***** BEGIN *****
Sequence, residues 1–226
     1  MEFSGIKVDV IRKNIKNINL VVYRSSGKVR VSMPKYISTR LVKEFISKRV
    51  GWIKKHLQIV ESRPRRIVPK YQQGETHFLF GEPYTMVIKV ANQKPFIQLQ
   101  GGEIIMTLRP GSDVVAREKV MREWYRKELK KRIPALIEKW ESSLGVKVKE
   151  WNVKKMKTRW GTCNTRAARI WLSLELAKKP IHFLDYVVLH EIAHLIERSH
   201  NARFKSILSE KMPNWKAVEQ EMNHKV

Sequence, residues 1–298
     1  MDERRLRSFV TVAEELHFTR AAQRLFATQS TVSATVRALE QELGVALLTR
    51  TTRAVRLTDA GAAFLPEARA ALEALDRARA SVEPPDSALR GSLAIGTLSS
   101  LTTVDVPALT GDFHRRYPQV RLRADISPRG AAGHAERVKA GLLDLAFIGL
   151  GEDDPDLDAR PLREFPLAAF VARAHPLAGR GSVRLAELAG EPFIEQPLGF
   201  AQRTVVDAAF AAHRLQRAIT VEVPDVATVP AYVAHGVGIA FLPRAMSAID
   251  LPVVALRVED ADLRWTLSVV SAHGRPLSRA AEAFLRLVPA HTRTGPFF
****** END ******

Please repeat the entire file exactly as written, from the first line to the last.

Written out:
Sequence, residues 1–226
     1  MEFSGIKVDV IRKNIKNINL VVYRSSGKVR VSMPKYISTR LVKEFISKRV
    51  GWIKKHLQIV ESRPRRIVPK YQQGETHFLF GEPYTMVIKV ANQKPFIQLQ
   101  GGEIIMTLRP GSDVVAREKV MREWYRKELK KRIPALIEKW ESSLGVKVKE
   151  WNVKKMKTRW GTCNTRAARI WLSLELAKKP IHFLDYVVLH EIAHLIERSH
   201  NARFKSILSE KMPNWKAVEQ EMNHKV

Sequence, residues 1–298
     1  MDERRLRSFV TVAEELHFTR AAQRLFATQS TVSATVRALE QELGVALLTR
    51  TTRAVRLTDA GAAFLPEARA ALEALDRARA SVEPPDSALR GSLAIGTLSS
   101  LTTVDVPALT GDFHRRYPQV RLRADISPRG AAGHAERVKA GLLDLAFIGL
   151  GEDDPDLDAR PLREFPLAAF VARAHPLAGR GSVRLAELAG EPFIEQPLGF
   201  AQRTVVDAAF AAHRLQRAIT VEVPDVATVP AYVAHGVGIA FLPRAMSAID
   251  LPVVALRVED ADLRWTLSVV SAHGRPLSRA AEAFLRLVPA HTRTGPFF